Indiana University expands senior's journalism skills
Senior Stephan Melendez travels to Indiana University (IU) to attend a summer journalism class. The experience tests his ability, but leaves him with new skills and knowledge.
After months of deciding whether I wanted to attend a journalism camp during summer, I chose the inevitable and considered going whole heartedly to my journalism adviser, Greg Stobbe's advice. I flew 2,100 miles across the US to attend one of the most prestigious journalism camps offered to high school students: Indiana University (IU).
Upon arriving at the university, I was filled with butterflies; the biggest fear in the back of my mind was not being able to compete with the others. Stobbe kept reassuring me through short texts reminding me, "You can do it," and, "Show them what you got."
But that wasn't enough to calm my overwhelming stress. On the charter bus from Indianapolis to Bloomington, IN (where the campus is located), I met other peers just like me who shared many other common anxieties.
Entering the town of Bloomington, IN, I was amazed at just how closely knit the town was with university life. The talk of the town was consumed by next year's football and basketball teams and their rivals. Through the bus window, I saw the monstrous football stadium that held close to 42,000 people. As we passed the old Teter dorm buildings, people gawked at the humungous five and six story dorms residences.
Waiting for me at the dorms was a long line that curved around the corner, just to check in. I was devastated and annoyed, waiting in a two-hour line with the sun beating on my neck and the humidity sticky like gum. I for sure resented my decision but there was no turning back now.
Checking in was a hassle, but I survived it. The first day of camp was filled with orientation and a bunch of rules that never apply to me. For instance: underage drinking, smoking, drugs and sex are not apart of my daily life, therefore they are petty rules to me. But one rule I hated was lights out at 11 p.m. There was, however, a reward if the boys dorm could go all week without any hassle with this rule: a pizza party, filled with access to soda, snacks, games and much more.
Everyday consisted of work. My schedule was waking up at 7 a.m., followed by my first class at 8 a.m., and then attending my second class at 10 a.m. Within those two classes, I was given homework that required to be finished by the the third and fourth class after lunch. Since lunch was only one hour, I busted my butt trying to fulfill all my teachers' assignments.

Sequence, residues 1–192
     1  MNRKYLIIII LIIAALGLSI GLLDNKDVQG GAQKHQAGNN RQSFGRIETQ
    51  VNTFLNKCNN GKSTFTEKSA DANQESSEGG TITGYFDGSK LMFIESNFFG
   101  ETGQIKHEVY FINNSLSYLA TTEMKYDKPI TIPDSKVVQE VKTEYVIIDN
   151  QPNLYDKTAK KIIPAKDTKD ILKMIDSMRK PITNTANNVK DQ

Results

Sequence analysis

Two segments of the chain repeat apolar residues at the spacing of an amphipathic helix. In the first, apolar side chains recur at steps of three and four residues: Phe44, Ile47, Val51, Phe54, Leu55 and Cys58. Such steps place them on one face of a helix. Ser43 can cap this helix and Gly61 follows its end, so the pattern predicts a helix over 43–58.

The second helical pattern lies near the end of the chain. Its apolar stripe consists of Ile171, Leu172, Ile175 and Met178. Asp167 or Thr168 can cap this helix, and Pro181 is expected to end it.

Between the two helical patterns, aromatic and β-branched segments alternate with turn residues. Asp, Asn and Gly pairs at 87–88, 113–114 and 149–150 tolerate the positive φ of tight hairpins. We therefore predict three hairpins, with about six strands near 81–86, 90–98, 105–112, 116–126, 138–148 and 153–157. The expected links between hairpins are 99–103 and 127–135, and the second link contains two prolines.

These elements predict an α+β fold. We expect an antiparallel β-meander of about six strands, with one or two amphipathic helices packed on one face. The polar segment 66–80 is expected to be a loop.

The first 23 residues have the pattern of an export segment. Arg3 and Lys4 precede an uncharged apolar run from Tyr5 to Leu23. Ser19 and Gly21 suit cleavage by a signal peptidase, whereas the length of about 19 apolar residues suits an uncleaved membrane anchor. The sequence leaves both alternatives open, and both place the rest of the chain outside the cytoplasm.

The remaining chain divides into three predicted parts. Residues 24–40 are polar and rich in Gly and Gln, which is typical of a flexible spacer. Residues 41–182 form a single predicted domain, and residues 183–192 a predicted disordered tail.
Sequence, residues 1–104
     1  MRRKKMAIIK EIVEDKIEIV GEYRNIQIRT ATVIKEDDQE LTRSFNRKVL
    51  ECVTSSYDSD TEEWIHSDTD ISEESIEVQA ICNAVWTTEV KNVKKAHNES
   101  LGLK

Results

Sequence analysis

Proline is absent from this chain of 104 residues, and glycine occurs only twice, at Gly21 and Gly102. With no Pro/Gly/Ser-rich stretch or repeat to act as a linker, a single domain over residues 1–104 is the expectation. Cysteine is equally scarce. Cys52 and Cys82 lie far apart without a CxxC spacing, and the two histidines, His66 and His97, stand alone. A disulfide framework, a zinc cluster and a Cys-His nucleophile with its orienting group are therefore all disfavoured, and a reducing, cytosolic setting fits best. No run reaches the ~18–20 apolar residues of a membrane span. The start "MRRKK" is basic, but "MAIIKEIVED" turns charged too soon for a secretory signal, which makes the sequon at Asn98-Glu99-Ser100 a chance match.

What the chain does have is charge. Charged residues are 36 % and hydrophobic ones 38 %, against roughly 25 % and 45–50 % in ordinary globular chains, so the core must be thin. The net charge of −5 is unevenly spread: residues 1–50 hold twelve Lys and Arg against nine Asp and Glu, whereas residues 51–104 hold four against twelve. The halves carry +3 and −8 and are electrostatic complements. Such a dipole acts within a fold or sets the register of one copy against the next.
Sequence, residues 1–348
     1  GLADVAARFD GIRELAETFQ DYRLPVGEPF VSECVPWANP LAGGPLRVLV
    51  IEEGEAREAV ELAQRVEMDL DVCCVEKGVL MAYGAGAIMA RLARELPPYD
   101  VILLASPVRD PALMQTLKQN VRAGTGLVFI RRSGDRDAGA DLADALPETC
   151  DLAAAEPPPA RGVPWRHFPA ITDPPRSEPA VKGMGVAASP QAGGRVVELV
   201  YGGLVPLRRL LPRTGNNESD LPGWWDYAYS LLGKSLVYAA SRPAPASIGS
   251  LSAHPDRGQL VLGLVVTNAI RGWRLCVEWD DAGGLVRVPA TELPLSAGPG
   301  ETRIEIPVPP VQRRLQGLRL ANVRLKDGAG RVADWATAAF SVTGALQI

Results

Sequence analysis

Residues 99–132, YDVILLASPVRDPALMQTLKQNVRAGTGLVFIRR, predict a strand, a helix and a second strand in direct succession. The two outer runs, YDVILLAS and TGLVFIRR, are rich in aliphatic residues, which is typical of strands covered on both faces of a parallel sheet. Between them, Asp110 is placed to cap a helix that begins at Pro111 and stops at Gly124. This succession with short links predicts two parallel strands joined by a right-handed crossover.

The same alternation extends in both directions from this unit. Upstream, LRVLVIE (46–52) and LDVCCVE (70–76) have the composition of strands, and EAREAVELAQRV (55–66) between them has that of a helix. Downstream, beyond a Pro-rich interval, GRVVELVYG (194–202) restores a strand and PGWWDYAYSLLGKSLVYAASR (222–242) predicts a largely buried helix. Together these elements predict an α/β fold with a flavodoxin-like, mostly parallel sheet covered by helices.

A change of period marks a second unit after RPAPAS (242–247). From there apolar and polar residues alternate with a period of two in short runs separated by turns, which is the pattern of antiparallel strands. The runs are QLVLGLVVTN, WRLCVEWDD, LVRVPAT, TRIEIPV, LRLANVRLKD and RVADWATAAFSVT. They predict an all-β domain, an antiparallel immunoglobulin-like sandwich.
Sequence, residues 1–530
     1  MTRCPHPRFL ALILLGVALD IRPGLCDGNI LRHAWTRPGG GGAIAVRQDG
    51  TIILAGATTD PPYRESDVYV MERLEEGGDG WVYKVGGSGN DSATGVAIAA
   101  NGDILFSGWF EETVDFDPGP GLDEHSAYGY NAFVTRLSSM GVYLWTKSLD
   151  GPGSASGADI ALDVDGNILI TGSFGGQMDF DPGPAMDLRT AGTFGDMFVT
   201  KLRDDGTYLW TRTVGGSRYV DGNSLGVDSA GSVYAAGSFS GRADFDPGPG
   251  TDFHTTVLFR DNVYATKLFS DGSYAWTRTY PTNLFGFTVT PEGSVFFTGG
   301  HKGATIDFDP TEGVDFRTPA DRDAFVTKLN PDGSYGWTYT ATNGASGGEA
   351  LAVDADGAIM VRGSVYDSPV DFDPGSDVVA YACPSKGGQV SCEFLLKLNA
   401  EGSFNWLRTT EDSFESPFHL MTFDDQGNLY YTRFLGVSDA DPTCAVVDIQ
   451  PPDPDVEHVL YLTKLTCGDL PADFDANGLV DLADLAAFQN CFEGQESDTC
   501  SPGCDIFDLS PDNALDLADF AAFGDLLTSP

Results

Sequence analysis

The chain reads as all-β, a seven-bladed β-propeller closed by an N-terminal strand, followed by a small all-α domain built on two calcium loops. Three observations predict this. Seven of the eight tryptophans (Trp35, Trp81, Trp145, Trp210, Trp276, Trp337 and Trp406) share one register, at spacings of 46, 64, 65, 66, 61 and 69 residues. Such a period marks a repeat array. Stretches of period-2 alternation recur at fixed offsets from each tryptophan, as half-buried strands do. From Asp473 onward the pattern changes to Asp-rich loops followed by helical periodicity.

"I made so many friends and I wasn't ready to leave. Everyone gathered at the Wilkie auditorium for the award ceremony, and I watched only 20 students out of hundreds receive a scholarship for IU. Shockingly, I was not heartbroken when my name was not called because I knew I worked hard and improved even more in my writing." --Stephan Melendez, Writer
This was my life for four straight days: I ate, slept and thought about journalism consistently. The following day was filled with even more work. I ran back and forth between my dorm and Ernie Pyle Hall where most of my lectures took place; which by the way, were a mile apart from each other.
Although I had about two hours in the evening each day for recreational time, I was always swamped with homework.
Finally, movie review day arrived; all my peers kept talking about how excited they were to see a movie. My teacher scheduled my class, which contained only 13 students, to take a trip to the movie theater to watch The Amazing Spiderman. But there was a catch. We had to write a review within 24 hours and email the finished product to her.
Thankfully, I completed my review in under four hours. The same night the newly elected Chief Justice Brent Dickson of the Indiana Supreme Court came to give a press conference and speak to the students attending the camp in Ernie Pyle Hall.
While attending Indiana University (IU) for a summer journalism camp, senior Stephan Melendez works hard to complete his assignments. Though the classes were tough, Melendez suggests similar experiences for each of his fellow staffers.
The press conference lasted for an hour and it was enlightening. Dickson spoke about impartiality in journalism. He was funny but at the same time he was very stalwart on his ideology of fair reporting in journalism. He spoke about some valid points, one issue that arose was the ethics of journalism.
The last night was chaotic even though there was no homework. I bonded with my friends and my crazy counselors. One of the activities planned was karaoke night, so five of my friends and I all dressed up and styled our hair like the back street boys and sang "As long as you love me." I will never forget that night, especially playing tag in the dark at 1 a.m..
As Friday approached, the end of camp, I was actually sad. I made so many friends and I wasn't ready to leave. Everyone gathered at the Wilkie Auditorium for the award ceremony, and I watched only 20 students out of hundreds receive a scholarship for IU. Shockingly, I was not heartbroken when my name was not called because I knew I worked hard and improved even more in my writing.
A couple hours after I left IU and boarded my plane, I gathered my thoughts and wished I would have known about this camp earlier in my journalism career. I learned important lessons, and I would suggest for my fellow staffers to attend a journalism camp as well.
For more columns, read the Aug. 14 article, Senior utilizes language, shares Gospel in Colombia.